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DLL Hijacking Vulnerability

DLL (Dynamic Link Library) Hijacking is a technique utilized by attackers to execute malicious code on a system by exploiting vulnerabilities in applications that improperly load DLL files. By placing a malicious DLL file in a location where a vulnerable application searches for DLL dependencies, an attacker can hijack the application's execution flow and potentially escalate privileges or perform unauthorized actions.

Understanding DLL Hijacking

When an application dynamically loads DLL files during runtime, it searches specific directories to locate these DLL dependencies. If the application's search path includes writable or insecure directories, an attacker can place a malicious DLL file with the same name as one of the expected dependencies. When the vulnerable application is executed, it inadvertently loads the attacker-controlled DLL instead of the legitimate one, enabling the execution of malicious code.

Exploitation Using Procmon.exe

DLL Hijacking: DLL Hijacking

The screenshot illustrates the process of DLL hijacking using Procmon.exe. The vulnerable application, in this case, the Damm Vulnerable Thick Client App (DVTA), attempts to load a DLL file from a specific path, which is missing. An attacker can exploit this vulnerability by creating the necessary folder structure and placing a malicious DLL file with the expected name. Upon execution of the DVTA, the malicious DLL is loaded, allowing the attacker to escalate privileges or execute arbitrary code.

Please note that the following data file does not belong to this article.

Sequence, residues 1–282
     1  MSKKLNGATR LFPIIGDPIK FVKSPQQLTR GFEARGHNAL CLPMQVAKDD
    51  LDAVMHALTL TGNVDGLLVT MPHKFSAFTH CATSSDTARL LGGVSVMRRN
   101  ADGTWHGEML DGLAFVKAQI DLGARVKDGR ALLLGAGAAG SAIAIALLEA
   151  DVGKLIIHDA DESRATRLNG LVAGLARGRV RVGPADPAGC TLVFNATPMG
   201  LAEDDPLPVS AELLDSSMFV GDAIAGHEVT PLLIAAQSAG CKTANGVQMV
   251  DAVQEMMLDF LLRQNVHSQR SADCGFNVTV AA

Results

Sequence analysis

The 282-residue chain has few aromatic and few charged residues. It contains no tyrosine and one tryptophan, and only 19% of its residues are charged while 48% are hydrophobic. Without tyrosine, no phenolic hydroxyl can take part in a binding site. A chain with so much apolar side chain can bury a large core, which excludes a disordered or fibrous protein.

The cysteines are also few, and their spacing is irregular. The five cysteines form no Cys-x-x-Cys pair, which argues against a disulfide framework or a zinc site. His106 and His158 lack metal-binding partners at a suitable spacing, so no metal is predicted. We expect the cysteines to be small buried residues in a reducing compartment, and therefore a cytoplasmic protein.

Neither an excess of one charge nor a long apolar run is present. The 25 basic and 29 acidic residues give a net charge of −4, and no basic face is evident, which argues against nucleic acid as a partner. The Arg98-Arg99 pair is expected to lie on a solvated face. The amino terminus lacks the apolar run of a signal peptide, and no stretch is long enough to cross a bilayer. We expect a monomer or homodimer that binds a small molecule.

Mitigation Strategies

To mitigate DLL hijacking vulnerabilities, consider the following measures:

  • Secure DLL Loading: Applications should employ secure loading mechanisms, such as specifying absolute paths or using cryptographic hash verification to ensure the integrity of loaded DLLs.

  • Reduce Search Paths: Minimize the search paths for DLL loading to only include trusted directories and avoid searching in insecure locations.

  • Code Signing: Digitally signing DLL files can help verify their authenticity and prevent tampering.

  • Regular Updates: Keep applications and system components up-to-date to patch known vulnerabilities and mitigate potential risks.